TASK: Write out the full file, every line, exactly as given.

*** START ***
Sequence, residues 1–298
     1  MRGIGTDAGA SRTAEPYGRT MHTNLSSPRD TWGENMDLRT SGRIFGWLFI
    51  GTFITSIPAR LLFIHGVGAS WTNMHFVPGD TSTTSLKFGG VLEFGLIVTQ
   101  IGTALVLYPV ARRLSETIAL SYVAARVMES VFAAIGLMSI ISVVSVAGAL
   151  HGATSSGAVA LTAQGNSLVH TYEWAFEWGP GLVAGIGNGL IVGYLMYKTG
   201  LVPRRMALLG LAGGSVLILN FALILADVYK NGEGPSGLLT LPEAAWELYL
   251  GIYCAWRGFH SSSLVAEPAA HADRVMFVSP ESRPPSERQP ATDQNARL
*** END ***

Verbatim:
Sequence, residues 1–298
     1  MRGIGTDAGA SRTAEPYGRT MHTNLSSPRD TWGENMDLRT SGRIFGWLFI
    51  GTFITSIPAR LLFIHGVGAS WTNMHFVPGD TSTTSLKFGG VLEFGLIVTQ
   101  IGTALVLYPV ARRLSETIAL SYVAARVMES VFAAIGLMSI ISVVSVAGAL
   151  HGATSSGAVA LTAQGNSLVH TYEWAFEWGP GLVAGIGNGL IVGYLMYKTG
   201  LVPRRMALLG LAGGSVLILN FALILADVYK NGEGPSGLLT LPEAAWELYL
   251  GIYCAWRGFH SSSLVAEPAA HADRVMFVSP ESRPPSERQP ATDQNARL